Researchers Explore Alternatives to Surgery, Chemotherapy, and/or Radiation for Localized Breast Cancer (dateline February 25, 2002)
Women who are diagnosed with localized breast cancer, cancer that has not spread past the breast, typically undergo surgery and either chemotherapy or radiation as treatment for their disease. However, a new study finds that drug therapy (typically tamoxifen and/or other drug therapies) may be a viable option for these women. In a newly published study, women who were initially treated with drug therapy did not have as fast a response to treatment as those who underwent surgery, chemotherapy or radiation. However, overall survival and the time it took the cancer to spread to other areas of the body was similar among the women, regardless of whether they initially received drug therapy or standard surgery, chemotherapy, or radiation. Since drug therapy is associated with fewer side effects and less inconvenience than standard therapies, the researchers suggest it as reasonable option for some breast cancer patients.
To conduct their study, Dr. S.M. Tan of the City Hospital of Nottingham, England and his colleagues followed 108 women who had been diagnosed with locally advanced breast cancer. Of the 108 women, 52 received initial drug therapy and 56 women received "multimodal therapy," which typically consisted of surgery and radiation or chemotherapy. The women who received drug therapy were given either tamoxifen (brand name, Nolvadex) if they were post-menopausal or tamoxifen and goserelin (brand name, Zoladex) if they were pre-menopausal. Once the breast cancer was found to have progressed in the women on drug therapy, they then received surgery, radiation, or chemotherapy.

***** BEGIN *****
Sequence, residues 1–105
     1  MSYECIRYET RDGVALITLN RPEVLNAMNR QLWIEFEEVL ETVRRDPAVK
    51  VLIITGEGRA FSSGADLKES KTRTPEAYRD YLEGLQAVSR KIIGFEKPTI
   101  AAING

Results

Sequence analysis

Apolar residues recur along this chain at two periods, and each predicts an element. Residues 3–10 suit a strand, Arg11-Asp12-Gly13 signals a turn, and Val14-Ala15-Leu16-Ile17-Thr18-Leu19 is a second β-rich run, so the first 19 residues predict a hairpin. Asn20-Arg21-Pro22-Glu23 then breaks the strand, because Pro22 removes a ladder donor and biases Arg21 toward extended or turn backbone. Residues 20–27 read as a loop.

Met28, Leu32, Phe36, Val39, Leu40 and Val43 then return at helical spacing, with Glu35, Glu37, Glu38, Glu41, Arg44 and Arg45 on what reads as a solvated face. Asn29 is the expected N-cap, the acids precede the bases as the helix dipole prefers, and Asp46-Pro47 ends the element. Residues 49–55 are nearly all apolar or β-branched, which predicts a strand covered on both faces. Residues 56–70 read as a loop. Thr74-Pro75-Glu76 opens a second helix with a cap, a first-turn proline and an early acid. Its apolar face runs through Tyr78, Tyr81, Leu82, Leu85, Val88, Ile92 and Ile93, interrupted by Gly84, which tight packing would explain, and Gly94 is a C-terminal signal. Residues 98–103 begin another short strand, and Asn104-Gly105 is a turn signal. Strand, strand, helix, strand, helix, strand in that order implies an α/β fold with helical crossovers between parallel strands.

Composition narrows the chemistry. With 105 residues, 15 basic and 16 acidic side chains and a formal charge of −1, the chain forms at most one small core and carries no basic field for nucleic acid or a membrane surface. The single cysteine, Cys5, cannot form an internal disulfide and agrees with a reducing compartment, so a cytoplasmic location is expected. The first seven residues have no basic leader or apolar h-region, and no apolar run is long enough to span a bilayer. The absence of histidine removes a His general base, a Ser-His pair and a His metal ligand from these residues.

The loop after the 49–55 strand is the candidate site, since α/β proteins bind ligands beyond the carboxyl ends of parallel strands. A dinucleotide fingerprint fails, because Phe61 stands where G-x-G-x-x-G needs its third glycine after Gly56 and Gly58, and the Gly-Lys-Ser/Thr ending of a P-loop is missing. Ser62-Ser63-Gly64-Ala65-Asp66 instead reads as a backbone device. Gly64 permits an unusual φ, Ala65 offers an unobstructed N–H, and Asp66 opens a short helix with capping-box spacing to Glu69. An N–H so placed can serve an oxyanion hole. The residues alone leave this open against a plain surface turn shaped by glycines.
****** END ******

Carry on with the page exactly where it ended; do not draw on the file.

Dr. Tan and his team found that the women who initially received multimodal therapy (surgery, chemotherapy, or radiation) did fare better than the women who initially received drug therapy. That is, the women who received multimodal therapy achieved a faster rate of response to treatment than the women who received drug therapy. Furthermore, 80% of the women who received drug therapy eventually needed surgery, chemotherapy, or radiation.
Though the results of the study do not appear as though drug therapy is beneficial to women with locally advanced breast cancer, Dr. Tan and his colleagues argue that there is no data to confirm whether a rapid response to treatment (as seen among the women who received multimodal therapy) is significant when it comes to disease progression and the patients overall chances of survival.
Obviously, the study did not find that drug therapy is a better option than the standard surgery, chemotherapy, or radiation that is typically used on breast cancer patients. However, the study did find that survival rates were similar among the women in the study, regardless of whether they were treated with multimodal therapy or the initial drug therapy. The researchers did note that drug therapy was more effective in women who had estrogen-receptor positive breast cancers (roughly 80% of breast cancer cases are estrogen-receptor positive). Therefore, these women may wish to consider whether the physical and emotional effects of surgery, chemotherapy, and/or radiation are worth undergoing these treatments from the start, or whether an initial regimen of drug therapy may be easier to handle.